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Religion and Economics

There is a relationship between one's faith and economic policy. Ideas have consequences and religious ideas have a major impact in the economies of the material world. This is why it is absolutely critical that our political leaders be screened for their view on economic policy. Their economic worldview is a reflection of their true faith commitment. Eastern ideas have been growing in influence within Western culture and undermining the Christian principles that built Western Civilization. In the following article R.J. Rushdoony describes the impact of Karma on Western economic philosophy and policy. 


Karma, Debt and the Sabbath

By Rev. R.J. Rushdoony

 

The doctrine of Karma is one ofthe most important religious doctrines invented by man. Its origins areBrahmanic, but its great development is Buddhist. Perhaps no other non-Biblicaldoctrine is more important and more perceptive, however deadly. Karma is thelaw of cause and effect as it regulates the present and future life of man.Karma says that what a man sows, that shall he also reap; every man inheritshis own burden of sin and guilt, and no man can inherit the good or evil actsof another man. Karma holds that sin cannot be destroyed by sacrifice, penance,or repentance, but only by self-expiation. A man thus spends his life (andfuture reincarnations, according to this doctrine) working out the atonementfor sin. The important fact about Karma is that this doctrine does justice tothe reality of cause and effect; it recognizes the reality of sin in man, andthe burden which sin imposes on the present and the future. Modern humanism isunable to cope with this fact of causality and chooses to ignore it. It doesnot escape causality thereby and only compounds its problem.

According to Karma, the past determines the present andthe future. Man’s sin most surely finds him out and will not let him go.

The karma faiths have no savior, but they are at leastaware of the reality of sin and its demand for expiation. Their doctrines ofself-atonement are ineffectual, but their realism as to man’s condition makethem wiser than those moderns who choose to deny causality.

The doctrine of karma was current in the world of theBible, especially the New Testament era. The Bible speaks emphatically ofcausality, and the consequences of sin (Gen. 2:17; 3:7). Moses declares, “yehave sinned against the LORD; and be sure your sin will find you out” (Num.32:23). Paul warns, “Be not deceived; God is not mocked, for whatsoever a mansoweth, that shall he also reap” (Gal. 6:7). However, rather than an abstractworld of causality, for the Bible the cosmos is the creation of the personalGod. This fact creates a vast gulf between the Bible and the doctrine of Karma.

But Karma does stress a fact that the modern worldchooses to forget: causality. It isthis fact that Keynesian economists choose to forget. Keynes himself, whenasked about the long-run consequences of his economics, replied, “In the longrun, we are all dead.” Because of its disregard for causality, Keynesianismcreates an inflationary economy; long-term consequences are dismissed in favorof short-term benefits.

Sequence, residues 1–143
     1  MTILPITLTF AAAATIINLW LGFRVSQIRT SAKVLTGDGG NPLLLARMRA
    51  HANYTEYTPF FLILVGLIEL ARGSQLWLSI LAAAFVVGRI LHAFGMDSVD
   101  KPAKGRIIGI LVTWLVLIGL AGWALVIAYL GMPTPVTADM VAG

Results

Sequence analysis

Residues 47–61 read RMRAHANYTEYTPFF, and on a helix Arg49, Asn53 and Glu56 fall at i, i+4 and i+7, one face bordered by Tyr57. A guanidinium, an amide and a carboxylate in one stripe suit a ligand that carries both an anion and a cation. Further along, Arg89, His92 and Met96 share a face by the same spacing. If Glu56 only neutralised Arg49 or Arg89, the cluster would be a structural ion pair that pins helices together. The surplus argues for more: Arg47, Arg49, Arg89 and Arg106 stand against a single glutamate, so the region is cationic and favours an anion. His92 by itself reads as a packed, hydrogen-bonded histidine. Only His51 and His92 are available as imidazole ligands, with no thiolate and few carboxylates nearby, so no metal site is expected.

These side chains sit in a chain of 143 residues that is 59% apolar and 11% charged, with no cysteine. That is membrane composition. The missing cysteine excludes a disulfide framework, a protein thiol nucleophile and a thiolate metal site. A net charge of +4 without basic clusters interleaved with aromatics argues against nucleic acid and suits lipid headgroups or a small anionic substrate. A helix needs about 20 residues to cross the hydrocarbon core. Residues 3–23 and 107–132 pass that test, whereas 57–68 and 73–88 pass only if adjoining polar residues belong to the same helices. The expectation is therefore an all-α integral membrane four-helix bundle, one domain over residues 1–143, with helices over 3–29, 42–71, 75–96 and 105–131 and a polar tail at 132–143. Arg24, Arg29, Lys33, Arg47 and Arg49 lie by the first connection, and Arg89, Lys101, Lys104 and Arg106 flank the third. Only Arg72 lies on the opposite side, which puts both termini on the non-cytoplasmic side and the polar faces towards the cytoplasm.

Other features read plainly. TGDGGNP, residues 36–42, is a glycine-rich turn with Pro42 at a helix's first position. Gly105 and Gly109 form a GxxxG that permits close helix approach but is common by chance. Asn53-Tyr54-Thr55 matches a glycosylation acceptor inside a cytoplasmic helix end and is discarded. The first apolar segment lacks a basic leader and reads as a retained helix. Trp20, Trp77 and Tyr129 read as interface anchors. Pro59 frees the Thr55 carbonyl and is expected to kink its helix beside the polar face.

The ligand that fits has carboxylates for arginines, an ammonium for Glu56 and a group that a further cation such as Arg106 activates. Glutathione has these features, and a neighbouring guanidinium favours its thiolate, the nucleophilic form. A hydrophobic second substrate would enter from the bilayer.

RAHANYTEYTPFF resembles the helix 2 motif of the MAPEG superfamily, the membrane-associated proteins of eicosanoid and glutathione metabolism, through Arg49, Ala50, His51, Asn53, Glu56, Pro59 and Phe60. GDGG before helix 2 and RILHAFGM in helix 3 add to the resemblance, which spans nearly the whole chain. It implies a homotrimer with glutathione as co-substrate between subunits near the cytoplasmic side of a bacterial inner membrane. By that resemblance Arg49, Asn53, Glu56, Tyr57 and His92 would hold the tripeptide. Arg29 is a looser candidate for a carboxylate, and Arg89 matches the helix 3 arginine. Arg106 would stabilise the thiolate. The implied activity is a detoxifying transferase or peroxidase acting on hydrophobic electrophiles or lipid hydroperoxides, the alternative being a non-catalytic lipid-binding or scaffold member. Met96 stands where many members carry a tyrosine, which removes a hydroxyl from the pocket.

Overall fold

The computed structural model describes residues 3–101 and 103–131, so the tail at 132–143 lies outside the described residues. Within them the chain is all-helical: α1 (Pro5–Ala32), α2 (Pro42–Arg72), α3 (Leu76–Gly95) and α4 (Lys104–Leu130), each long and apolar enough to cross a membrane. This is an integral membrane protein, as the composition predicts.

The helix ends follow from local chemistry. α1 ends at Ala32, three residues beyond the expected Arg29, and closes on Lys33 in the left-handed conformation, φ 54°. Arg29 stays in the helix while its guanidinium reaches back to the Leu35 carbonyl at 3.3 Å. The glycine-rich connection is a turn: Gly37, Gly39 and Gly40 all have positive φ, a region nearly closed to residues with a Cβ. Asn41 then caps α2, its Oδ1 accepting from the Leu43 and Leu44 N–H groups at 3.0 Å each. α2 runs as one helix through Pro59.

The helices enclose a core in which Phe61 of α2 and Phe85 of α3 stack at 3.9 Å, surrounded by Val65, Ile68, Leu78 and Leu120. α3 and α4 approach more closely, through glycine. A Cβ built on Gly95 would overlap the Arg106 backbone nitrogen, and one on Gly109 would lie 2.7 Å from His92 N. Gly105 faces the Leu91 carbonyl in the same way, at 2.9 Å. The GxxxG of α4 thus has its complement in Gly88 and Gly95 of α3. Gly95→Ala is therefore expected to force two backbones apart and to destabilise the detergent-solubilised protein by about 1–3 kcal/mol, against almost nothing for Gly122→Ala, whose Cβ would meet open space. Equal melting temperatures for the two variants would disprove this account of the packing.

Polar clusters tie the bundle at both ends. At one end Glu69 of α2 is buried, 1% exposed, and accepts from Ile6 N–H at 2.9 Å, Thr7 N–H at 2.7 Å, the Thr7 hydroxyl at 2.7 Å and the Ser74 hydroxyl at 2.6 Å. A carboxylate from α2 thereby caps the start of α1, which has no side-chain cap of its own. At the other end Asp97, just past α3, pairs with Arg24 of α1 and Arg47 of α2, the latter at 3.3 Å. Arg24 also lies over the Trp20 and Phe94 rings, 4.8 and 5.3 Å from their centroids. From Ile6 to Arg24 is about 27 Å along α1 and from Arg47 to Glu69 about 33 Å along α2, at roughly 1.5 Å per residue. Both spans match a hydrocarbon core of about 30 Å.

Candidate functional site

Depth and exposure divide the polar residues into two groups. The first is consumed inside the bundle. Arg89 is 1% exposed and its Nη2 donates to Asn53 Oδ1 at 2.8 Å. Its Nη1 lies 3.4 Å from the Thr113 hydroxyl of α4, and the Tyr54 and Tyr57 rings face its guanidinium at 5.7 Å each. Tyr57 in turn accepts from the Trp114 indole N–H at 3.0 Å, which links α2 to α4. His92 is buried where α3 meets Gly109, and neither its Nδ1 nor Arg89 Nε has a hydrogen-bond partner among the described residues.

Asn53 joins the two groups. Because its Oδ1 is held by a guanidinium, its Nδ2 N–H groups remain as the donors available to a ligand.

The average American and European is not familiar withKeynesian as a body of economic thought; they are familiar with it as a way oflife, their own way of life. In Keynesian terms, all sin is assessed in termsof present benefits, not in terms of long-term consequences. As a result, debtliving has become a way of life. From a moral liability at the beginning of thecentury, debt has become now an asset, and the word credit, which once meantreliability, now means the ability to contract debt. The world’s monetarysystems are no longer based on the gold standard but on debt; paper moneyrepresents debt, not wealth.

The modern Keynesian world is a rejection of the triuneGod and His law-word, which prohibits debt beyond a six-year limit, and thenfor necessities only, which requires covetous-free living, and which regardsdebt as a form of slavery. Between 1945 and 1980, many fortunes were built (andmany lost) by pyramiding debt.

But debt, like sin, has its consequences. Karma holds that past sins govern our present andfuture lives. With its concomitant doctrine of re-incarnation, Karma holds thatthousands of generations or re-incarnations may be necessary in some cases towork out the self-expiation necessary. The burden of sin and guilt is notlightly discarded simply because man wills it. Causality rules all thingsunrelentingly.

This brings us to the deadly aspect of thedoctrine of Karma. Because of its unrelenting doctrine ofcausality, the past rules the present and the future. Only insofar as we have abetter past or Karma can we have a better future. The world of Karma is apast-oriented world.

The same is true of the world of debt. For those who arein debt, the past governs the present. The first claimant on their monthlycheck is the past: the house payment, and other debts have a fixed claim ontheir income before either they or God can touch it. One of the most commonquestions I encounter with respect to the tithe is this: “How can I tithe, andstill meet my payments on my debts?” The house is on “the never-never plan;”the car and furniture get old and shabby before they are paid for, and man'sdays are dominated by the past.

Modern man may not believe in Karma, but he has created anew world of Karma in debt.

The same is true in politics. Cause and effect inpolitics has brought the world’s many nations to the raw edge of judgment. Inpolitics, this has brought some vaguely conservative parties andadministrations to power. All are looking for cosmetic solutions and avoidingthe long and ugly chain of causality which has led to the present crisis. TheKarma of modern politics threatens them like a crumbling cliff over a cottage,and all are offering a more modest table fare as the solution.